The numbers are tragic and staggering. Between 100 million to 1 billion birds in the United States die each year from flying into windows. More than half of window strikes are fatal for birds.
Birds hit windows during the day because they may see vegetation reflected in the window and think it’s an open area to fly through. At night, migratory birds are especially susceptible to hitting windows illuminated by light as they travel.
How do you prevent birds from flying into your windows? Here are three simple tips to make your house, townhome or apartment safer for them. Tip #1 should be your starting point. Tips #2 and #3 can be done separately, or in tandem to be even more effective. You should focus your attention on any large windows in your home, or those that are near your bird feeding station.
1. Hang Your Bird Feeders Properly
Where you hang your bird feeders can make a significant difference in reducing window strikes. Wild Bird’s Unlimited recommends you hang feeders either within three feet (one meter) or more than 10 feet away (3+ meters) from windows.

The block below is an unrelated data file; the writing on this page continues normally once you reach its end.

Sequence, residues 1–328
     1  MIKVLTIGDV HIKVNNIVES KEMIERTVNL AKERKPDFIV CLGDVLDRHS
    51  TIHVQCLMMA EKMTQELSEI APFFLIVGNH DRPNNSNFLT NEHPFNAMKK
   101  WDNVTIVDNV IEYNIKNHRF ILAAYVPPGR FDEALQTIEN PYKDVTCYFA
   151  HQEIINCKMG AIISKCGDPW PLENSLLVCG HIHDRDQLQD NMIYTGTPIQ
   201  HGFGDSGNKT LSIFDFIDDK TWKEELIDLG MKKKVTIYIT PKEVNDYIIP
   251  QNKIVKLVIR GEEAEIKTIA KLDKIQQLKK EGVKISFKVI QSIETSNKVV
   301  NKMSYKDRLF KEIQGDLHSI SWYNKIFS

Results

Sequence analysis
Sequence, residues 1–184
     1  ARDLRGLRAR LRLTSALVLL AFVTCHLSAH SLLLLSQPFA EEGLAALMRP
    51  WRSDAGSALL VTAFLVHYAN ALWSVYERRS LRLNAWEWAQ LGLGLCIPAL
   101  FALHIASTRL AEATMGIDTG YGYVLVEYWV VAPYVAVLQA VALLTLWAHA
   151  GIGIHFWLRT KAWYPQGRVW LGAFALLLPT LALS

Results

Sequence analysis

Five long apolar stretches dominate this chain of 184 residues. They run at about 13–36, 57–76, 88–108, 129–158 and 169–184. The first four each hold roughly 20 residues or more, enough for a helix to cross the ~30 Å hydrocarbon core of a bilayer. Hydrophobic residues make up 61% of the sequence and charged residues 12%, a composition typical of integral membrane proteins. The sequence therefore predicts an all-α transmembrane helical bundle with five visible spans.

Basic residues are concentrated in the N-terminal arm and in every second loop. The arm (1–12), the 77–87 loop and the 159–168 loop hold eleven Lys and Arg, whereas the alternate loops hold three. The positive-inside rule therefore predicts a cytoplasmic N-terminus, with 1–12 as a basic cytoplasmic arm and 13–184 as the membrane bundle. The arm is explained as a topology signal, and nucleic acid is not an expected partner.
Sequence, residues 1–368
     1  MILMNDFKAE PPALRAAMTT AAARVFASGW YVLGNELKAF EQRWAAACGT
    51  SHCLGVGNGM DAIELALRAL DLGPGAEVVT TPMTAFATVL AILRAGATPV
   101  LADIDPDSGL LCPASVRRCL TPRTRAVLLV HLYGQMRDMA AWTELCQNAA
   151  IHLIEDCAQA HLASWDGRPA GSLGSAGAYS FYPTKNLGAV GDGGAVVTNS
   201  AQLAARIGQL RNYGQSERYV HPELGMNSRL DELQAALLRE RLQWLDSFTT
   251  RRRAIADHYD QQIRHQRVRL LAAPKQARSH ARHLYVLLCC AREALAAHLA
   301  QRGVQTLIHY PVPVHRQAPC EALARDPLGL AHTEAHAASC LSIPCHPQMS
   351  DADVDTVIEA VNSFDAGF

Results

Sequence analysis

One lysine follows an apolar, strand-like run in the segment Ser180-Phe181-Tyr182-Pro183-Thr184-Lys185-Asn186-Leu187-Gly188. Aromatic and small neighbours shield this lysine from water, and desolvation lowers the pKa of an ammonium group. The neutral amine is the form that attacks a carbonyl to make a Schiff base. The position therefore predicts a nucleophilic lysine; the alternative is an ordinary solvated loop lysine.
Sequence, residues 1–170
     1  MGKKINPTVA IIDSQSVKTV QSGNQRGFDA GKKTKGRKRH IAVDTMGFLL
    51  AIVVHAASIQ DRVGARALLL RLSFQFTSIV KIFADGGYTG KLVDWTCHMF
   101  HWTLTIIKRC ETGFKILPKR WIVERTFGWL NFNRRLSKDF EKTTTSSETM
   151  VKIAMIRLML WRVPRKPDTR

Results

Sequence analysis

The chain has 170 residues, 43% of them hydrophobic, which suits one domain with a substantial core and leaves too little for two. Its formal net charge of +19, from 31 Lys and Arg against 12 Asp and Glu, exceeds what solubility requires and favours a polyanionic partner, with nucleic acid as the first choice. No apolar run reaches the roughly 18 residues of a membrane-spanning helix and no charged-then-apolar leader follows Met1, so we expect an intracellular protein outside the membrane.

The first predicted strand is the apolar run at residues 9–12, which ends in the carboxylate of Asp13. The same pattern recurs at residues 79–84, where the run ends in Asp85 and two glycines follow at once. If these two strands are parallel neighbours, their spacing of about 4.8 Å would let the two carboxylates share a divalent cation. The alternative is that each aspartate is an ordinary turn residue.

If birds are startled at your feeders for whatever reason, keeping them within three feet will prevent them from gaining enough speed to hit your window with any harmful force. Keeping feeders more than 10 feet away gives them plenty of room to maneuver.
2. Buy Special Window Decals
This is an easy and cost-effective way to prevent birds from hitting your windows. Plus…they can be a neat decoration! The basic premise behind hanging window decals is that they highlight the window more and cut down the reflection for birds to realize it’s a surface to not fly into.
There are several different decal options available in bird stores or online.
All you have to do is put the decals on the inside of your windows and the area should be bird-safe!
3. Add a Window Bird Feeder
Much like the window decals above, adding a window bird feeder gives birds an easy way to see that a window is a solid structure. As a bonus, you can draw in birds up close with another feeding station!
I hope these tips have helped you easily bird-proof your home! For more information on preventing bird strikes, I highly recommend you check out this in-depth piece from my go-to source for all things birding, The Cornell Lab.
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